Review by: Lauren
Copy from Publisher, but all opinions are my own
While reading the following review, feel free to play the Law and Order Theme Song, which I just feel fits the tone:
Geiger has a gift: he knows a lie the instant he hears it. And in his business—called “information retrieval” by its practitioners—that gift is invaluable, because truth is the hottest thing on the market.
Geiger’s clients count on him to extract the truth from even the most reluctant subjects. Unlike most of his competitors, Geiger rarely sheds blood, but he does use a variety of techniques—some physical, many psychological—to push his subjects to a point where pain takes a backseat to fear. Because only then will they finally stop lying.
One of Geiger’s rules is that he never works with children. So when his partner, former journalist Harry Boddicker, unwittingly brings in a client who demands that Geiger interrogate a twelve-year-old boy, Geiger responds instinctively. He rescues the boy from his captor, removes him to the safety of his New York City loft, and promises to protect him from further harm. But if Geiger and Harry cannot quickly discover why the client is so desperate to learn the boy’s secret, they themselves will become the victims of an utterly ruthless adversary.
Review: The Inquisitor is a difficult book to explain but it’s definitely one that I greatly enjoyed reading. It’s partly suspenseful and partly mysterious…but it’s also a lot about human nature and what makes people do what they do. Essentially, Geiger uses torture to retrieve information from people, but he does it in a way that minimizes the overall danger. So, I suppose, in the world of “information retrieval,” Geiger is the good guy. He’s also really difficult to figure out. He has a recurring nightmare and therefore goes to a psychiatrist to talk it over every time it happens. He’s beginning to go more and more though, and open up in ways he didn’t exactly plan on. The doctor is fascinated by Geiger, even though he knows very little about his actual, everyday life, until Geiger shows up later in the book for help.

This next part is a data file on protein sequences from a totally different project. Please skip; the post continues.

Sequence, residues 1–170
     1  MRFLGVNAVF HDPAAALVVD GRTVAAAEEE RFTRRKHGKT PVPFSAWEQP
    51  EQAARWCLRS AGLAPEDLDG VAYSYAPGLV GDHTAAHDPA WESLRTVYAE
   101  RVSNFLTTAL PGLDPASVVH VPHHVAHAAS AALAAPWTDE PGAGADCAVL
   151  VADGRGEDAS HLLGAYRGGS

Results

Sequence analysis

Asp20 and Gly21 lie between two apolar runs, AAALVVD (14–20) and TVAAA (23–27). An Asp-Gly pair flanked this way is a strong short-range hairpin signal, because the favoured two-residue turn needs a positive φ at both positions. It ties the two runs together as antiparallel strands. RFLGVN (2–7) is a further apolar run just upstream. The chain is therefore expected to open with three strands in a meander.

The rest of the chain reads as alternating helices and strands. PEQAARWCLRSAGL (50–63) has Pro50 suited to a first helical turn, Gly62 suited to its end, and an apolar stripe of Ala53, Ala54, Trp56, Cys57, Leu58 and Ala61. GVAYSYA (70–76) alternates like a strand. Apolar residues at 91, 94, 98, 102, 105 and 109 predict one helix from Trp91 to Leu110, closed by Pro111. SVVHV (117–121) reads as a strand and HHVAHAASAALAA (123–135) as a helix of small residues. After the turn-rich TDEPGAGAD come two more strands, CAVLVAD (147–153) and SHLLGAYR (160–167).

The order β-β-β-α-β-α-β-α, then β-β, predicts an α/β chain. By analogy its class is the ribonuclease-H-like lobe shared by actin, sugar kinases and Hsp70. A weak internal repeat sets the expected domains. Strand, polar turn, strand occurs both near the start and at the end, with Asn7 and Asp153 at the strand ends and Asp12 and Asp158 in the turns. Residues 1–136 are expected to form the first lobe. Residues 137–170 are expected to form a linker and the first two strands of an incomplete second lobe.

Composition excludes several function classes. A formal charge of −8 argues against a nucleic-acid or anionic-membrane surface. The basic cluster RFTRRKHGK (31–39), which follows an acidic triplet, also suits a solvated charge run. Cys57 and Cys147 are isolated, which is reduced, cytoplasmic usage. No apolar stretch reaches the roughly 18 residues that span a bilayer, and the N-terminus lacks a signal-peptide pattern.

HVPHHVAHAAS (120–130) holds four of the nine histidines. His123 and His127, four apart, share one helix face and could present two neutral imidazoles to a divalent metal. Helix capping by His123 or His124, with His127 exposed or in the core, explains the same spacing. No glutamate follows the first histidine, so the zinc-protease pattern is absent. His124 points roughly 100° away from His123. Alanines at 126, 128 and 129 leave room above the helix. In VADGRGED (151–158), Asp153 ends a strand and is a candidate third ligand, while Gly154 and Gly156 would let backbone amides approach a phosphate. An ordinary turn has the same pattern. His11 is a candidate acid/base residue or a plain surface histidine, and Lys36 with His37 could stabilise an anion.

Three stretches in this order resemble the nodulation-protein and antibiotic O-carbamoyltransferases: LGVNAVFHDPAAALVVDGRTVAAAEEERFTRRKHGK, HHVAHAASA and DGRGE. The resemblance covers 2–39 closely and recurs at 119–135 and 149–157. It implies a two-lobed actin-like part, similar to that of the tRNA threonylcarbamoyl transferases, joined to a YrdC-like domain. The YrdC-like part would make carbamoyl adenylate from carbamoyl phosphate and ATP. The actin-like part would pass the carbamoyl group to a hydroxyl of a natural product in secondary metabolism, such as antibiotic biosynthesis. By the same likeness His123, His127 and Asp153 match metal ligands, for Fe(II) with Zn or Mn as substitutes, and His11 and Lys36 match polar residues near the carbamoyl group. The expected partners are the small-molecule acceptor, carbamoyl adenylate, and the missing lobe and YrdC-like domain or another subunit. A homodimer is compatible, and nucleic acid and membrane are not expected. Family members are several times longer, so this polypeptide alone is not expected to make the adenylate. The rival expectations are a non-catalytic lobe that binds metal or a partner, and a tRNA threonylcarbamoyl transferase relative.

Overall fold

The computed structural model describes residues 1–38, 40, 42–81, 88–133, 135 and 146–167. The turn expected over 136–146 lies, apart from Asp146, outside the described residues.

The truth is, nobody knows much about Geiger. Not even Geiger. His co-worker, Harry, was saved by Geiger one night from a bunch of thugs and ends up working with him…but Harry justifies his life by keeping himself mostly in the dark. He sets up the “meetings” and gets part of the pay, but the rest of it is left up to Geiger. Obviously, in The Inquisitor, their plans begin to change when a boy is brought to Geiger and he takes off with him. Geiger has a strict rule. No kids. Again, that good guy part of Geiger comes out. But taking the kid -named Ezra- isn’t such a great idea…because now some pretty bad guys are after Harry and Geiger.
One of the interesting things about this book is that Geiger gets flashbacks before his life in New York (which he can’t remember) and it allows us, and him, to slowly see part of what made him into the man he is today. He didn’t have a great childhood, and even the present circumstances are pretty brutal, but the book isn’t too graphic or extreme. Like I said before, it’s a lot about character development too…and not just one big thriller with guns and threats and blood and anger.
You get a bit of the calm blue mixed in with the harsh red.
I really enjoyed that most of the chararcters have two sides to them. Harry might be involved in a bad business, but he uses a lot of his money to take care of his sister (who happens to be with him when the bad guys coming calling). Even Hall, the “leader” of the bad guys so to speak, is stuck in a life that he can’t quite control. He just wants the information that Ezra holds, because he is being told to do this, and if Geiger takes Ezra away? Well, Hall must follow after and uses violence if necessary to get back what he needs. There are many things revealed throughout this novel that will make you stop and think about these characters, allowing you to truly wonder about the term “evil.”
In the end, we are left with a mini cliff-hanger. It’s just enough to make you want to know what will happen next (as a sequel is in the works, I hear!) but nothing too big that should anger readers. It’s also an ending that is both happy and sad, and it definitely makes one curious to see how a sequel will be set up.